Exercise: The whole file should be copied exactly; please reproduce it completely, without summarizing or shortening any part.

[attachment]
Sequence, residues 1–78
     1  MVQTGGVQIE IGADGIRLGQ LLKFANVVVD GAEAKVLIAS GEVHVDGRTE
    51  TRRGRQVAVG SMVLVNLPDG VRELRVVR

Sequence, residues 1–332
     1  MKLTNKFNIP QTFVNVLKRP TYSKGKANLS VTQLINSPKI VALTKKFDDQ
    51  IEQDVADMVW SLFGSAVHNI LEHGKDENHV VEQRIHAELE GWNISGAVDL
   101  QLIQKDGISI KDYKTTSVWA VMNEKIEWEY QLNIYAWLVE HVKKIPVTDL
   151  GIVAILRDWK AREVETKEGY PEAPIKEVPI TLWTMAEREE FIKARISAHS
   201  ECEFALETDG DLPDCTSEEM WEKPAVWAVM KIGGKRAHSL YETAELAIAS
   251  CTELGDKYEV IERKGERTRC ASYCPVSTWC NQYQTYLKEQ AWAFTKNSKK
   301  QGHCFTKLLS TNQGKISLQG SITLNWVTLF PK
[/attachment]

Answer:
Sequence, residues 1–78
     1  MVQTGGVQIE IGADGIRLGQ LLKFANVVVD GAEAKVLIAS GEVHVDGRTE
    51  TRRGRQVAVG SMVLVNLPDG VRELRVVR

Sequence, residues 1–332
     1  MKLTNKFNIP QTFVNVLKRP TYSKGKANLS VTQLINSPKI VALTKKFDDQ
    51  IEQDVADMVW SLFGSAVHNI LEHGKDENHV VEQRIHAELE GWNISGAVDL
   101  QLIQKDGISI KDYKTTSVWA VMNEKIEWEY QLNIYAWLVE HVKKIPVTDL
   151  GIVAILRDWK AREVETKEGY PEAPIKEVPI TLWTMAEREE FIKARISAHS
   201  ECEFALETDG DLPDCTSEEM WEKPAVWAVM KIGGKRAHSL YETAELAIAS
   251  CTELGDKYEV IERKGERTRC ASYCPVSTWC NQYQTYLKEQ AWAFTKNSKK
   301  QGHCFTKLLS TNQGKISLQG SITLNWVTLF PK